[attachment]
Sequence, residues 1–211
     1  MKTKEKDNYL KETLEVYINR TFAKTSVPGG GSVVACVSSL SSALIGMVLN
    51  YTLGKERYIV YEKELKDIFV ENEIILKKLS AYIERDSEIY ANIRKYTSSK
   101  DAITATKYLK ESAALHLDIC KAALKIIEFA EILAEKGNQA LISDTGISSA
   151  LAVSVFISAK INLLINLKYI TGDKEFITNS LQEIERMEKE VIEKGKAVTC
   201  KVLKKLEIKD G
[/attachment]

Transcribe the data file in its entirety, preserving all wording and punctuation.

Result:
Sequence, residues 1–211
     1  MKTKEKDNYL KETLEVYINR TFAKTSVPGG GSVVACVSSL SSALIGMVLN
    51  YTLGKERYIV YEKELKDIFV ENEIILKKLS AYIERDSEIY ANIRKYTSSK
   101  DAITATKYLK ESAALHLDIC KAALKIIEFA EILAEKGNQA LISDTGISSA
   151  LAVSVFISAK INLLINLKYI TGDKEFITNS LQEIERMEKE VIEKGKAVTC
   201  KVLKKLEIKD G